reduction plan, interest rates have continued to fall long-term. That 
means that for the middle class who will pay

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something more each month, if they had any credit needs or demands, 
their increased energy costs will be more than offset by lower interest 
costs for mortgages, consumer loans, credit cards. This can be a wise 
investment for them and their country now.
    I would also point out what the American people already know, and 
that is, because we're a big, vast country where we drive long 
distances, we have maintained far lower burdens on energy than any other 
advanced country. We will still have far lower burdens on energy than 
any other advanced country. And these will be spread fairly, with real 
attempts to make sure that no cost is imposed on families with incomes 
under $30,000 and that the costs are very modest until you get into the 
higher income groups where the income taxes trigger in.
    Now, I ask all of you to consider this: Whatever you think of the 
tax program, whatever you think of the spending cuts, consider the cost 
of not changing. Remember the numbers that you all know. If we just keep 
on doing what we're doing, by the end of the decade we'll have a $650-
billion-a-year deficit. If we just keep on doing what we're doing, by 
the end of the decade 20 percent of our national income will go to 
health care every year, twice as much as any other country on the face 
of the globe. If we just keep on doing what we're doing, over 20 cents 
on the dollar will have to go to service the debt.
    Unless we have the courage now to start building our future and stop 
borrowing from it, we're condemning ourselves to years of stagnation 
interrupted by occasional recessions, to slow growth in jobs, to no more 
growth in income, to more debt, to more disappointment. Worse, unless we 
change, unless we increase investment and reduce the debt to raise 
productivity so that we can generate both jobs and incomes, we will be 
condemning our children and our children's children to a lesser life 
than we enjoyed. Once Americans looked forward to doubling their living 
standards every 25 years. At present productivity rates, it will take 
100 years to double living standards, until our grandchildren's 
grandchildren are born. I say that is too long to wait.
    Tonight the American people know we have to change. But they're also 
likely to ask me tomorrow and all of you for the weeks and months ahead 
whether we have the fortitude to make the changes happen in the right 
way. They know that as soon as I leave this Chamber and you go home,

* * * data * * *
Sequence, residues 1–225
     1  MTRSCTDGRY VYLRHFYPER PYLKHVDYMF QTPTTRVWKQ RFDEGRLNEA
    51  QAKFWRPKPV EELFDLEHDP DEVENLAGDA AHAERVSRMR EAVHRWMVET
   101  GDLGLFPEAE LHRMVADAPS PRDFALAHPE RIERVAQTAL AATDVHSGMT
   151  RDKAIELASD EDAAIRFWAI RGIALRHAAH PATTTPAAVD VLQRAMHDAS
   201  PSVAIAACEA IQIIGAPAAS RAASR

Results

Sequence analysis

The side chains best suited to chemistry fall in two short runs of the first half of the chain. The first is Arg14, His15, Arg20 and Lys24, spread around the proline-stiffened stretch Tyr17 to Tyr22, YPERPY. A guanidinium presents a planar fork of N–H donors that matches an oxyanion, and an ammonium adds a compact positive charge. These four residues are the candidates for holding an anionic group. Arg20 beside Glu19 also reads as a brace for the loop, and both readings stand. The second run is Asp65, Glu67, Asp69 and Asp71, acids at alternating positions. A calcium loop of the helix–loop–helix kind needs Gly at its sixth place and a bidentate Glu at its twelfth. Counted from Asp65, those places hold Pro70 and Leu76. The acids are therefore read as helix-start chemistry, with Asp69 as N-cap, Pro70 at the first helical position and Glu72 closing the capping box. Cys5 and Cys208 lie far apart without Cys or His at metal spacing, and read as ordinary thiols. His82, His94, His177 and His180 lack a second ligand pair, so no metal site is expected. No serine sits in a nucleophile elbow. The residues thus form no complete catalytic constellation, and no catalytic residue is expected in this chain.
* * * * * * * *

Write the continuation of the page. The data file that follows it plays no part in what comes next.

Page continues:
various interest groups will be out in force lobbying against this or 
that piece of this plan, and that the forces of conventional wisdom will 
offer a thousand reasons why we well ought to do this but we just can't 
do it.
    Our people will be watching and wondering, not to see whether you 
disagree with me on a particular issue but just to see whether this is 
going to be business as usual or a real new day, whether we're all going 
to conduct ourselves as if we know we're working for them. We must scale 
the walls of the people's skepticisms, not with our words but with our 
deeds. After so many years of gridlock and indecision, after so many 
hopeful beginnings and so few promising results, the American people are 
going to be harsh in their judgments of all of us if we fail to seize 
this moment.
    This economic plan can't please everybody. If the package is picked 
apart, there will be something that will anger each of us, won't please 
anybody. But if it is taken as a whole, it will help all of us. So I ask 
you all to begin by resisting the temptation to focus only on a 
particular spending cut you don't like or some particular investment 
that wasn't made. And nobody likes the tax increases, but let's just 
face facts. For 20 years, through administrations of both parties, 
incomes have stalled and debt has exploded and productivity has not 
grown as it should. We cannot deny the reality of our condition. We have 
got to play the hand we were dealt and play it as best we can.
    My fellow Americans, the test of this plan cannot be ``what is in it 
for me.'' It has got to be ``what is in it for us.'' If we work hard and 
if we work together, if we rededicate ourselves to creating jobs, to 
rewarding work, to strengthening our families, to reinventing our 
Government, we can lift our country's fortunes again.
    Tonight I ask everyone in this Chamber and every American to look 
simply into your heart, to spark your own hopes, to fire your own 
imagination. There is so much good, so much possibility, so much 
excitement in this country now that if we act boldly and honestly, as 
leaders should, our legacy will be one of prosperity and progress. This 
must be America's new direction.

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Let us summon the courage to seize it.
    Thank you. God bless America.

Note: The President spoke at 9:10 p.m. in the House Chamber of the